Computational protocol: Dynamic Changes in Local Protein Synthetic Machinery in Regenerating Central Nervous System Axons after Spinal Cord Injury

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Protocol publication

[…] Imaging was performed using a confocal microscope (Zeiss LSM 700) and Zen software (Zeiss). All image acquisition parameters such as laser power, pinhole, PMT gain/offset, and pixel dwell time were matched within individual markers of PSM between the experimental groups. A PNG section from each rat reacted with all reagents except a primary Ab which was used as a reference for acquisition of background signals. Imaging parameters were set below those producing no signal with primary Ab control. Images were obtained at 63x magnification as three-dimensional z-stacks of 100 × 300 μm in area generated by automated stitching of three individual 100 × 100 μm tiles. z-stacks were acquired at 0.3 μm step interval between planes with a total of 10–15 planes per stack spanning a depth of 3.0–4.5 μm. The tile scans were taken at two comparable locations within the distal third of each nerve section and a total of 3 sections were analyzed per rat.To quantify the intensity of intra-axonal signal, each z-stack was resolved into individual XY planes containing both neurofilament staining as an axonal marker and one of the markers of PSM. The RG2B plug-in (https://imagej.nih.gov/ij/plugins/rg2bcolocalization.html) on NIH ImageJ (https://imagej.nih.gov/ij/) was used to extract the pixels that colocalized between neurofilament stain and PSM markers. This was performed for each plane of the stack to isolate pixels representing axonal signal. The pixel intensity from each plane was then normalized to the neurofilament area in corresponding planes to account for the variability of number of axons per tile scan. The resultant values for each plane were averaged to get a mean value per z-stack. […]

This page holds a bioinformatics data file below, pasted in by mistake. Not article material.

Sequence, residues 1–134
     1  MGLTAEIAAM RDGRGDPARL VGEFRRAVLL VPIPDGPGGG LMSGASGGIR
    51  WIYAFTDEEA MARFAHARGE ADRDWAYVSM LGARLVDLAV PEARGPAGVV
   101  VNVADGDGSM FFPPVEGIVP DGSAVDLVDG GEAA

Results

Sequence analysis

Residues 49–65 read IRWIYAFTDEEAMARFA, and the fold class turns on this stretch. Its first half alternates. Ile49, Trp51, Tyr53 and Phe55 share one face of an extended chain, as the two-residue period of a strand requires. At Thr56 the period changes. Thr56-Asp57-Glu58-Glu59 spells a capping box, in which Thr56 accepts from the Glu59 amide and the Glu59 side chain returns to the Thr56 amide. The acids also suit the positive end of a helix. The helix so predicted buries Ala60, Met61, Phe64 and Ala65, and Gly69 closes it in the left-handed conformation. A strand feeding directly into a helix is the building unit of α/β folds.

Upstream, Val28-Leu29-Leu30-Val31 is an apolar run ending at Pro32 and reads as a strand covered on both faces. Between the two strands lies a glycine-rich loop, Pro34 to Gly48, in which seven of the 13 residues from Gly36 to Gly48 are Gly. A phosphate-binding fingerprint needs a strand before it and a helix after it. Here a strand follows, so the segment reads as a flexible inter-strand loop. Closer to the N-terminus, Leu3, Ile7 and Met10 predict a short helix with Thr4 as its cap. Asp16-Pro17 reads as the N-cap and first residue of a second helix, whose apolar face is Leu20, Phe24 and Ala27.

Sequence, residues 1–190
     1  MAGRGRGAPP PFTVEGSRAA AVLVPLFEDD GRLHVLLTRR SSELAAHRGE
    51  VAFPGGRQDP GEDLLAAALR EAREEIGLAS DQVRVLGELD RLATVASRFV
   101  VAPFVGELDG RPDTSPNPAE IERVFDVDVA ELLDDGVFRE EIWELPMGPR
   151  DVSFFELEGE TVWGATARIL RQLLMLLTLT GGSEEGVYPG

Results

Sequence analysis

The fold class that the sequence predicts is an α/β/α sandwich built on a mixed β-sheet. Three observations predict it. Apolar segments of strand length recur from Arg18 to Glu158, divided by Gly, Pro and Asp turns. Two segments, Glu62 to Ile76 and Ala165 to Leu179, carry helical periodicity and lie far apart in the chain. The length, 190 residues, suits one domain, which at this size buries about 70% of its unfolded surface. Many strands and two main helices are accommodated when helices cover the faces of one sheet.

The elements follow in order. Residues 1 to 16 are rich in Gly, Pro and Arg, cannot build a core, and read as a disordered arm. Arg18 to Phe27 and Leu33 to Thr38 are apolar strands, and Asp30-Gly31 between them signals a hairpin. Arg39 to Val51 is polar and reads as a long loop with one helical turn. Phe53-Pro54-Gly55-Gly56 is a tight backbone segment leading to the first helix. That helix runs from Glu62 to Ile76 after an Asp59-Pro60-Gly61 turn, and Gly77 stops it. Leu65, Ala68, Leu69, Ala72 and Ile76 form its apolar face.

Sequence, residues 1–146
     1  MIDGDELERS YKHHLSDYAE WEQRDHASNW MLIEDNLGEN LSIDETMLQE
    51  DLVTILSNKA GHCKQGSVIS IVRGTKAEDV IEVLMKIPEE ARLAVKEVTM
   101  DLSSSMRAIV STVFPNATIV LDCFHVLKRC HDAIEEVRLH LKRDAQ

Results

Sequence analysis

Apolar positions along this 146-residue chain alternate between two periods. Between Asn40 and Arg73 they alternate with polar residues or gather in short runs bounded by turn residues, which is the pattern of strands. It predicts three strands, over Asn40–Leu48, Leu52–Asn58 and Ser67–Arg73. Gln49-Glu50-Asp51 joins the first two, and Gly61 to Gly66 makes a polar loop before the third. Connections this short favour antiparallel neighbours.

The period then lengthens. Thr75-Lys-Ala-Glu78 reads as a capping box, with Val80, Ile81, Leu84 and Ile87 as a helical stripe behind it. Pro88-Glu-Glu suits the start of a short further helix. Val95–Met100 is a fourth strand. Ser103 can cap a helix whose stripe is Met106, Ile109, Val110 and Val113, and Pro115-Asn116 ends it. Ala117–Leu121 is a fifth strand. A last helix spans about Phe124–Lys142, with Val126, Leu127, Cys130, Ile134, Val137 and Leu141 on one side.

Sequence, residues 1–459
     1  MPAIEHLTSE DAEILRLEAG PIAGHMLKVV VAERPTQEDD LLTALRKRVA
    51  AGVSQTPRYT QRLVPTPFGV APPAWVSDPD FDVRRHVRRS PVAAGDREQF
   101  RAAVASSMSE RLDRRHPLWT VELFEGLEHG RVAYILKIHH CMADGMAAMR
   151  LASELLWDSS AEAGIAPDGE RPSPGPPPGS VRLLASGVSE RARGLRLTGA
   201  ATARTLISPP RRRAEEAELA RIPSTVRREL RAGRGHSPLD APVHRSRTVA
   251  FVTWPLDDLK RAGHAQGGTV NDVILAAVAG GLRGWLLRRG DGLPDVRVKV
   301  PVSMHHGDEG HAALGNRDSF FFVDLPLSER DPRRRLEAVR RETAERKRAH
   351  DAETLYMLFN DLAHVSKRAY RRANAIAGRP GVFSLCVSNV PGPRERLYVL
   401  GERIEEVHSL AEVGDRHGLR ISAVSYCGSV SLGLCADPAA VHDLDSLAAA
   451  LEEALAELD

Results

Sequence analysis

Pipeline specifications

Software tools Stitching, ImageJ
Applications Laser scanning microscopy, Microscopic phenotype analysis
Diseases Spinal Cord Injuries